The novel coronavirus pandemic has slowed demand for industrial automation in manufacturing, but it has also accelerated change in retail. One example is the growth of microfulfillment centers, which offer efficiencies for e-commerce and groceries. Automation can reduce last-mile delivery costs and provide flexibility for growth, according to Takeoff Technologies Inc.
“We coined the term microfulfillment in 2016,” said José Vicente Aguerrevere, co-founder and CEO of Takeoff Technologies. “We wanted to build a superior automation system to picking, packing, and transportation done by the grocery shopper.”
“The difference between us and hardware players is that we understand the economics of the $5.7 trillion grocery business,” he told The Robot Report. “There’s a picture in our office of our main competitor — a shelf in a supermarket. Self-service was invented 100 years ago. It’s not about over-designing automation but about using the automation required to have a viable and scalable business case.”
Takeoff Technologies helps build microfulfillment market
Unlike the large distribution centers (DCs) located at the fringes of urban areas, microfulfillment centers intensively use robots and software in facilities with a smaller footprint to shorten supply chains. Aguerrevere said his industry experience helped guide Takeoff Technologies.
“I’m a serial entrepreneur and a recovering consultant in the retail vertical, and within that, in groceries,” said Aguerrevere. “I worked for Aldi in emerging economies in Columbia, Mexico, and Venezuela for a decade. Then I joined Harvard Business School, where I met Mick Mountz, founder of Kiva Systems [later acquired by Amazon.com Inc.]. I thought about how to use automation, not to build a better DC but to alter the fundamentals of grocery stores.”
“My co-founder Max Pedró and I discussed whether we should build automation from zero or whether we could use systems that exist and package them in a different way to go to market quickly,” he recalled. “We found existing automation and changed the way it’s assembled and deployed. It’s like a pickup truck — with the right price point, you have speed to market, not in three years, but in three months to installation.”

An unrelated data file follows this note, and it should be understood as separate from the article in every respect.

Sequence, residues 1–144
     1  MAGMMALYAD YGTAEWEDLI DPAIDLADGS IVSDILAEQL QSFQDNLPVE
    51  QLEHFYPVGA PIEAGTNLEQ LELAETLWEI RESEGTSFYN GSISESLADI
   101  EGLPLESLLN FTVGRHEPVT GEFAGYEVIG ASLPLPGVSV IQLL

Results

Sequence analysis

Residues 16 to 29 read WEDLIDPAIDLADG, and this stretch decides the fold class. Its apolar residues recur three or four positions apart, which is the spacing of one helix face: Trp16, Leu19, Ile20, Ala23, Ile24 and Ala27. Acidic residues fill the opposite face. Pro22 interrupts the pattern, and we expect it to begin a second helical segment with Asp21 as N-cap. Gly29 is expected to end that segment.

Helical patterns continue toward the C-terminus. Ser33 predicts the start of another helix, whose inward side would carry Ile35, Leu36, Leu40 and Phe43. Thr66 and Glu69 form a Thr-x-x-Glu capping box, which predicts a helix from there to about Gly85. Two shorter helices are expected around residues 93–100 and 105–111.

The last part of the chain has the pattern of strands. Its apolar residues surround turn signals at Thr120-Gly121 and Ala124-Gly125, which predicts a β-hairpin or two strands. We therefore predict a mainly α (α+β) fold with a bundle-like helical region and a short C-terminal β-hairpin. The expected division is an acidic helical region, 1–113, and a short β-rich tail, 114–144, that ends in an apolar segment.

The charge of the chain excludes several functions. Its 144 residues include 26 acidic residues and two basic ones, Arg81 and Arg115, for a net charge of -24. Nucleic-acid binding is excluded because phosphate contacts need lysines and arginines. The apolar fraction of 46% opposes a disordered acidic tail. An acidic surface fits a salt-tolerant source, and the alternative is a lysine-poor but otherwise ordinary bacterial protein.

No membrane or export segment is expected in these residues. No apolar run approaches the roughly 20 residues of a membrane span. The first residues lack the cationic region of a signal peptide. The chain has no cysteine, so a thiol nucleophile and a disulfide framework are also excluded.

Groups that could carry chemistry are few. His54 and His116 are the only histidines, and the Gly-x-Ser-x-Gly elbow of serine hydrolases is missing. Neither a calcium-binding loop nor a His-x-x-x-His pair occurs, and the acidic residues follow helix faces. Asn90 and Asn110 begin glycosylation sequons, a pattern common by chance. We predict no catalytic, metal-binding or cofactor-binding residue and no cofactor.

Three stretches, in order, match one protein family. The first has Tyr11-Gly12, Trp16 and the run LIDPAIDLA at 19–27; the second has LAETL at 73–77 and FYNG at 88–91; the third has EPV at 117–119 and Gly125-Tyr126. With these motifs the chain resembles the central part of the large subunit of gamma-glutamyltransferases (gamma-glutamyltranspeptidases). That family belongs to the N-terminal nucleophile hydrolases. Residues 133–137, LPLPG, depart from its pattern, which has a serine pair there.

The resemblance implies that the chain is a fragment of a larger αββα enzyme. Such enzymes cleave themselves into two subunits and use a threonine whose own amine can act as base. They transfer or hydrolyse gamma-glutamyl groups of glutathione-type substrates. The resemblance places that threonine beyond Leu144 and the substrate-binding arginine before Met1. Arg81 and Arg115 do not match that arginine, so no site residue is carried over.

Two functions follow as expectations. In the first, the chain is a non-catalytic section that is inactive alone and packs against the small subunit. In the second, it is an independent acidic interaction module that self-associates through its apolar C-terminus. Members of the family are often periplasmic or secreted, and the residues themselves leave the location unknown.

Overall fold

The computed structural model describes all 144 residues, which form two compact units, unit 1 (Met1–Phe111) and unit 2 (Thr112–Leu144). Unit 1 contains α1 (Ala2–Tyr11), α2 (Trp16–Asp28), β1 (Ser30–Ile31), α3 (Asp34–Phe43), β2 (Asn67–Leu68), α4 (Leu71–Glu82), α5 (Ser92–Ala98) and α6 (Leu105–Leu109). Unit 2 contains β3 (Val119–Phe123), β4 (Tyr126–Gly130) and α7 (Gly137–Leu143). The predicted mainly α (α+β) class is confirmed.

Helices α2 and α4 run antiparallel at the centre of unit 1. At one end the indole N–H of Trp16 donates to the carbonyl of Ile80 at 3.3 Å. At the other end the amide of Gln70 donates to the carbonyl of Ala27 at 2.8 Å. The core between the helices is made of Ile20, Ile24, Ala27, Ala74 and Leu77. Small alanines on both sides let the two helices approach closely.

“Taking the idea from software as a service, we built fulfillment as a service,” Aguerrevere said. “We transformed a project-based industry to a product-based industry, hyperlocally. It’s the same in Sydney as in Paris or New York. What really matters in an innovation market is the ability to scale quickly. We’re deploying to more than 50 facilities worldwide.”
Takeoff Technologies raised $25 million in Series C funding in September 2019, bringing its valuation to $500 million. The World Economic Forum last month recognized the Waltham, Mass.-based startup as a technology pioneer.
End-to-end value and competition in groceries
“On the hardware side, Takeoff has partnered with KNAPP to preassemble facilities to deploy worldwide,” said Aguerrevere. “We provide an end-to-end platform, including a user interface for inventory management, picking, routing, and delivery. Out of our staff of 250, 210 are in product/software development in 22 Scrum teams.”
“Retail customers don’t need to bring anything to the equation, and the WCS [warehouse control system] runs the basics for inventory, which we then integrate with customers’ systems,” he said. “For example, we work with Woolworths, the largest supermarket chain in Australia. We hook up to its supply-chain module and don’t change its way of replenishing a store.”